The Steep Cost of Capture
Meredith Whittaker. 2021. The steep cost of capture. interactions 28, 6 (November - December 2021), 50–55. https://doi.org/10.1145/3488666
6 Pages Posted: 20 Jun 2022
Date Written: 2021
In considering how to tackle this onslaught of industrial AI, we must first recognize that the “advances” in AI celebrated over the past decade were not due to fundamental scientific breakthroughs in AI techniques. They were and are primarily the product of significantly concentrated data and compute resources that reside in the hands of a few large tech corporations. Modern AI is fundamentally dependent on corporate resources and business practices, and our increasing reliance on such AI cedes inordinate power over our lives and institutions to a handful of tech firms. It also gives these firms significant influence over both the direction of AI development and the academic institutions wishing to research it.
Meaning that tech firms are startlingly well positioned to shape what we do—and do not—know about AI and the business behind it, at the same time that their AI products are working to shape our lives and institutions.
Examining the history of the U.S. military’s influence over scientific research during the Cold War, we see parallels to the tech industry’s current influence over AI. This history also offers alarming examples of the way in which U.S. military dominance worked to shape academic knowledge production, and to punish those who dissented.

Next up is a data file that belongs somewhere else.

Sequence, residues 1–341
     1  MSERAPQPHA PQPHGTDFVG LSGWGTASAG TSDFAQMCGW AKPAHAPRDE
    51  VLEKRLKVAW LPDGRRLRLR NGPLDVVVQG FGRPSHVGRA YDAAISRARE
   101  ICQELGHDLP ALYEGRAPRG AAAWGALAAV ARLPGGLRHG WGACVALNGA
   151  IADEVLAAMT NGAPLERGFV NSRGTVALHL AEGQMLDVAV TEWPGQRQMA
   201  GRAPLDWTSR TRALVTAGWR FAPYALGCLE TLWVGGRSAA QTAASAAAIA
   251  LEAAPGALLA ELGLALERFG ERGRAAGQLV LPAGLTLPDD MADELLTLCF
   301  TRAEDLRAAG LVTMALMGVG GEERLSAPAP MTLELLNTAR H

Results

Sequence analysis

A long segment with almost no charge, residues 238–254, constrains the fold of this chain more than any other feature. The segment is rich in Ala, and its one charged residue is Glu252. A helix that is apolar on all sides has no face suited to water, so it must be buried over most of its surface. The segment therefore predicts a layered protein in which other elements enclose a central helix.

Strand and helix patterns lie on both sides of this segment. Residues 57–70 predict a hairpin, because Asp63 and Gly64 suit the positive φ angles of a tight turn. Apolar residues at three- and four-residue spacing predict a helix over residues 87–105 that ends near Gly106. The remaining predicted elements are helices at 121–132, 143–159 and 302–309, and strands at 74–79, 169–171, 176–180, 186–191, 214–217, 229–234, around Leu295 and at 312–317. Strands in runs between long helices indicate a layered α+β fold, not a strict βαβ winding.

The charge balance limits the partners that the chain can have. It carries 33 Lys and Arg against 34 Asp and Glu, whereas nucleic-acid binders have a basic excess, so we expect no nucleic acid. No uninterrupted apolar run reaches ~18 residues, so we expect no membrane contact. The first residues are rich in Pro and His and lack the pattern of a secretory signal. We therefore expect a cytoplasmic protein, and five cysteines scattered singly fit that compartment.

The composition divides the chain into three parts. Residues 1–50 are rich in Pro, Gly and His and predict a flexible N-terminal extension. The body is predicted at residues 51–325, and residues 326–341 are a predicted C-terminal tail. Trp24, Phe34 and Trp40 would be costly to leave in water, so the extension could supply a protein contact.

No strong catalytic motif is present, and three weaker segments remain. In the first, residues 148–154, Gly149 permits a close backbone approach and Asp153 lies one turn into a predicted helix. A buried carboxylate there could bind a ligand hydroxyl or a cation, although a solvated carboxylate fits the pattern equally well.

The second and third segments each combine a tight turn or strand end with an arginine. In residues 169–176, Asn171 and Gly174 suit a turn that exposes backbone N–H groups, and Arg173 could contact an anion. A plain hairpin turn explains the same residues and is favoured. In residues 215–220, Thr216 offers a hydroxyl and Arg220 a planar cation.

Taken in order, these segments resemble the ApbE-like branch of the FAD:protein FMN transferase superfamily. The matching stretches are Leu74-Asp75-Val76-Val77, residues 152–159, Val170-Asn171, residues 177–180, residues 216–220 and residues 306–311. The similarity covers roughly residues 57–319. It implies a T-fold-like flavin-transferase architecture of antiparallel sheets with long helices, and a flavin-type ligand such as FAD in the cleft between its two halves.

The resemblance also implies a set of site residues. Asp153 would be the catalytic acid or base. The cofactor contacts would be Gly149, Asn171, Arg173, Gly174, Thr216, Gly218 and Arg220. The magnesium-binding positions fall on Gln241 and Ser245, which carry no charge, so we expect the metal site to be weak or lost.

Today, the tech industry is facing mounting regulatory pressure, and is increasing its efforts to create tech-positive narratives and to silence and sideline critics in much the same way the U.S. military and its allies did in the past. Taken as a whole, we see that the tech industry’s dominance in AI research and knowledge production puts critical researchers and advocates within, and beyond, academia in a treacherous position. This threatens to deprive frontline communities, policymakers, and the public of vital knowledge about the costs and consequences of AI and the industry responsible for it—right at the time that this work is most needed.
Keywords: academic capture, artificial intelligence, AI
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